Seeking Justice: The ICTY and Ratko Mladić
At the end of the twentieth century, many did not expect to see atrocities being committed in the same vein as those in World War II. Even more shocking to some was that these brutalities occurred once again in Europe; not in some far off land. Formally established on May 25th of 1993, the ICTY oversaw the prosecution of individuals involved with the wars in Bosnia, particularly suspected war criminals, génocidaires, mass murderers, and grave violators of the basic rights and freedoms that many take for granted. Its establishment reinforced and expanded the precedent that the Nuremberg Trials had cemented nearly half a century earlier: that those in the highest echelons of command could be held accountable for both the orders that they issue and the actions of their subordinates—and be successfully prosecuted as such (Mendlovitz, Fousek 239). Although the victims and their loved ones can never regain what they have lost, the ICTY acts to dispense justice and expedite their recovery process. While many criticize the length of the trials, some of which take multiple years to complete, few can deny the meticulousness and impartiality to which the tribunal adheres.
Ratko Mladic is on trial for the most severe of charges; genocide, crimes against humanity, and violations of the laws/customs of war. According to his ICTY trial sheet, Mladić was part of a joint criminal enterprise (JCE) to rid Bosniaks and Bosnian Croats from Bosnia and Herzegovina, accomplished through forcible removal and slaughter (CSICTY 1). Various crimes against humanity were committed in Banja Luka, Bijeljina, Foĉa, Ilidţa, Kalinovik, Kljuĉ, Kotor Varoš, Novi Grad, Pale, Prijedor, Rogatica, Sanski Most, Sokolac, Trnovo and Vlasenica (CSICTY 1). In Sarajevo, he violated the laws and customs of war through the initiation of a violent campaign to terrorize and kill civilians (CSICTY 1). As is the case in many genocides, leaders like Mladic are believed to have never committed any of the acts themselves, but are nonetheless complicit and liable for the actions of their subordinates (Robertson, Basu 1). I was present during the last portion of his trial, in which a defense witness presented the dubious argument that had not the Bosnian Serbs preemptively attacked the Bosniaks and others, then they themselves would have been victimized first.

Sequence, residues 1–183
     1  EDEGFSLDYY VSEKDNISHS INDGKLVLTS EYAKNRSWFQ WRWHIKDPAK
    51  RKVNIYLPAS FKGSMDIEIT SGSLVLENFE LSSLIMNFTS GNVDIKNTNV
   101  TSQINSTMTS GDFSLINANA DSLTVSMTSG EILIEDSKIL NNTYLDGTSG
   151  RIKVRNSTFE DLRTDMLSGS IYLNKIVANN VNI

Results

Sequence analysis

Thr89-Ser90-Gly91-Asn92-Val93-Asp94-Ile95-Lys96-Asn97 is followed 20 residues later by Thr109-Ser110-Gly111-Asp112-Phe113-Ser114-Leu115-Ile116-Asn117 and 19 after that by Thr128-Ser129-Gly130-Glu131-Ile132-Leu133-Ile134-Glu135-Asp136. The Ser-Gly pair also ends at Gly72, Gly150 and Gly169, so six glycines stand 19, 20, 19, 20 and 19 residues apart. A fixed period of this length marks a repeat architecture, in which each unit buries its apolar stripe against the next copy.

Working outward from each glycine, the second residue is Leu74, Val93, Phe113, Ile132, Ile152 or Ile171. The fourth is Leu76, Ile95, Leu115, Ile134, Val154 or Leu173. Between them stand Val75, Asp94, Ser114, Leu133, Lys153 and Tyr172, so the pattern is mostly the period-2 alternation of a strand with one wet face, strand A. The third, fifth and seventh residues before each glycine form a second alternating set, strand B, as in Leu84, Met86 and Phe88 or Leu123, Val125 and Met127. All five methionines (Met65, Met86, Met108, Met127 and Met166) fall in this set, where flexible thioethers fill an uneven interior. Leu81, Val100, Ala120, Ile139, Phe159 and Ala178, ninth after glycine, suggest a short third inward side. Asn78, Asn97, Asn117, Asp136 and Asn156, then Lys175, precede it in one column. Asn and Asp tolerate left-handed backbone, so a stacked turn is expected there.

A Bloody Mess: State Collapse, Ethnic Cleansing, and the Wars in Bosnia
One of the most destructive societal forces outside of war proper is state collapse. With the disintegration of a state, the greater infrastructure, government services, and basic good will collapse along with it. In the case of the former Yugoslavia, the scenario was especially volatile. While a centralized government gave Croats, Bosniaks, and Serbs the requisite security and comfort, its removal led to uncertainty, then mistrust, followed by hatred, and eventually escalated to violent ethnic conflict among various factions—as few and far between as they may have been (Cohen, Dragović-Soso 1-2). In its place remained a handful of countries, all of which housed significant minorities of other ethnicities.